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## Topological Index Calculator III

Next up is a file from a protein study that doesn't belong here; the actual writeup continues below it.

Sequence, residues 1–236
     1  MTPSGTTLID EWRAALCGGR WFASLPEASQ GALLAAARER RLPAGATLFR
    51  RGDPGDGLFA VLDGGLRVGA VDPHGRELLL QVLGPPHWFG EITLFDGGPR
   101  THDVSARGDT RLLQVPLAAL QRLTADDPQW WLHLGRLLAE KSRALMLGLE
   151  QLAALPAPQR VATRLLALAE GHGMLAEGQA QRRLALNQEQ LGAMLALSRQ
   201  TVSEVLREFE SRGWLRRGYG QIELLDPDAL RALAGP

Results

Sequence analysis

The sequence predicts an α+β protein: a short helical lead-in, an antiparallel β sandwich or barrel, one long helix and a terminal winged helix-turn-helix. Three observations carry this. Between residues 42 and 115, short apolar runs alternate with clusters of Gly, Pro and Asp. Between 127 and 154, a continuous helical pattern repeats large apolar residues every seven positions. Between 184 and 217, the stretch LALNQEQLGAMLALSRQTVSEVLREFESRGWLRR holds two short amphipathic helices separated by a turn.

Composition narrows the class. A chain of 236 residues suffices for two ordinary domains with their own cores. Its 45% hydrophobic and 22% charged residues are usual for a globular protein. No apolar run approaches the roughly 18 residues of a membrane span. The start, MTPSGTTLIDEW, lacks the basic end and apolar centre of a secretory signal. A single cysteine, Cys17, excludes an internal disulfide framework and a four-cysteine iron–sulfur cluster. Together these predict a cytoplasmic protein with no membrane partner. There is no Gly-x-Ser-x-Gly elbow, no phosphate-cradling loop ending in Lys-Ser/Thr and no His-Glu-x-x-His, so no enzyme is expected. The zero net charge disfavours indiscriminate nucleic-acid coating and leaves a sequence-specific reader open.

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**Topological Index Calculator III**[1] Computation of the Hosoya Index using SMILES representation Steven D. Granz, Departments of Mathematics & Computer Science, Gordon College, Wenham, MA 01984, sgranz@peace.gordon.edu Irvin J. Levy, Departments of Chemistry & Computer Science, Gordon College, ijl@gordon.edu Hosoya Index Regression: Abstract: Hosoya Index Algorithm Using SMILES Representation: Z(CC(C)) Number of parent carbons: 2 N = 2 / 2 = 1 N = 1 + 1 = 2 C | C(C) Z(CC(C)) = Z(C) * Z(C(C)) + PI Z(fragments) PI Z(fragments) = = Z(CC(C)) = Z(C) * Z(C(C)) + Z((C)) = 1 * 2 + 1 = 3 Z(C(C)CC) Number of parent carbons: 3 N = 3 / 2 = 1.5 N = 1 N = 1 + 1 = 2 C(C) | CC Z(C(C)CC) = Z(C(C)) * Z(CC) + PI Z(fragments) PI Z(fragments) = = = Z(C(C)) * Z(CC) + Z((C)) * Z(C) = 2 * 2 + 1 * 1 = 5 Z(G) = Z(CC(C)) * Z(C(C)CC) + Z((C)) * Z((C)) * Z(C) * Z(CC) = 3 * 5 + 1 * 1 * 1 * 2 = 17 Previously we introduced Topological Index Calculator as a freely available JavaScript application for the computation of QSPR descriptor indices for alkane molecules. The previous program supported the computation of the following indices: Balaban Index, Weiner Index, Randic Index, Odd-Even Index, Polarity Index, Vertex Degree Distance Index and Harary Index. We now report the addition of the Hosoya Index for acyclic alkanes. Further, we discuss the algorithm we have developed to compute the Hosoya Index directly from the SMILES representation of the molecule and how to compute the Hosoya Index for cyclic alkanes. Computing the value of the Hosoya Index by hand can be tedious. As the number of bonds in the molecule increases, the probability of human error becomes greater. Without a computational tool such as Topological Index Calculator, human error is very likely to occur. In the process of extending Topological Index Calculator, we developed an algorithm that uses SMILES representation to compute the Hosoya Index. SMILES Representation Summary: SMILES [3] (Simplified Molecular Input Line Entry Specification) is a simple yet comprehensive chemical nomenclature. SMILES is used for expressing the molecular graph of "normal" organic molecules. Two Basic Rules of SMILES: Carbons are represented by the atomic symbol: C Branching is indicated by parentheses Hosoya Index Algorithm For Acyclic Alkanes: Given G is the SMILES representation of an acyclic alkane, Z(G) is computed as follows: Find the number of carbons in G If the number of carbons = 1 Z(G) = 1 Else if the number of carbons = 2 Z(G) = 2 Else if the number of carbons = 3 Z(G) = 3 Else Find the number of parent carbons in G Let N = (the number of parent carbon) / 2 If the number of parent carbon is odd truncate N to an integer Add one to N Find the Nth carbon in G Let the atom, B, be the Nth parent carbon atom in G’s SMILES representation Z(G) = Z(subgraph, left of B) * Z(subgraph, from B to end) + PI Z(fragments) where PI Z(fragments) is equal to the product of Z for each fragment created by removing B and the parent carbon to the left of B Hosoya Index Algorithm for Cyclic Alkanes: Given G is the graph representation of a cyclic alkane, Z(G) can be computed by finding the Hosoya Index of two other alkanes for which the sum of their individual Z values will equal Z(G). Preferably, we wish to find two alkanes that are acyclic, but if that is not the case then we can again find the Hosoya Index of two other alkanes, recursively continuing until we have a sum of the Hosoya Index of all acyclic alkanes, yielding the Hosoya Index for the original cyclic structure. An algorithm to do this is the following: 1. Let H be a subgraph defined by removal of one random edge, E, from a ring in G 2. Let I be a subgraph defined by removal of E from G as well as by the removal of all edges adjacent to E in G 3. If H or I is a disconnected graph then calculate Z(H) and/or Z(I) as the product of Z for each of the connected components of the disconnected graph(s) 4. Z(G) = Z(H) + Z(I) http://www.math-cs.gordon.edu/courses/organic/topo/ Hosoya Index: The Hosoya Index [2], Z = Z(G), was introduced by Hosoya in 1971 as the Z index. This index is defined below: where p(G;i) is the number of selections of i mutually non-adjacent edges in G , a chemical graph with N vertices. By definition, p(G;0) = 1, and p(G;1) is the number of edges in G. Example: 2,3-dimethylpentane p(G;0) = 1 p(G;1) = 6 p(G;2) = 8 p(G;3) = 2 The Hosoya Index of 2,3-dimethylpentane Z(G) = p(G;0) + p(G;1) + p(G;2) + p(G;3) = 1 + 6 + 8 + 2 = 17 Acyclic Alkane Example: 2,3-dimethylpentane SMILES Representation: G = CC(C)C(C)CC Z(G) Number of parent carbons: 5 N = 5 / 2 = 2.5 N = 2 N = 2 +1 = 3 CC(C) | C(C)CC Z(G) = Z(CC(C)) * Z(C(C)CC) + PI Z(fragments) PI Z(fragments) = = Z(G) = Z(CC(C)) * Z(C(C)CC) + Z((C)) * Z((C)) * Z(C) * Z(CC) Future Directions: • Students use the tool to verify values found in the literature since at least two journal articles [4] [5] have been found to have errors. • Incorporate existing indices into Topological Index Calculator • Develop new indices with better predictions of the boiling point Cyclic Alkane Example: 1,2-cyclopropane Z(G) = Z( ) + Z( ) Z(G) = Z(CC(C)CC) + Z(CC) * Z(C) * Z(C) * Z(C) Z(CC(C)CC) = Z(CC(C)) * Z(CC) + PI Z(fragments) = Z(CC(C)) * Z(CC) + Z(C) * Z((C)) * Z(C) = 3 * 2 + 1 * 1 * 1 = 7 Z(G) = Z(CC(C)CC) + Z(CC) * Z(C) * Z(C) * Z(C) = 7 + 2 * 1 * 1 * 1 = 9 References: [1] Topological Index Calculator II: Applications for the classroom and research, Steven D. Granz and I. J. Levy, 228th ACS national meeting, Philadelphia, PA 2004. [2] Mihalic, Z. "A Graph-Theoretical Approach to Structure-Property Relationships.” J. Chem. Educ. 1992, 69, 701-712. [3] Weininger, D. “SMILES, a Chemical Language and Information System.” J. Chem. Inf. Comput. Sci. 1988, 28, 31-26. [4] Cao, C. "Topological Indices Based on Vertex, Distance and Ring: On Boiling Points of Paraffins and Cycloalkanes." J. Chem. Inf. and Comp. Sci., 2001, 41, 867-877. [5] Mihalic, Z., et al. “The Detour Matrix And The Detour Index.” Topological Indices and Related Descriptors in QSAR and QSPR. Ed. J. Devillers and A. T. Balaban. Gordon and Breach Science Publishers, 1999, pp.297- 299.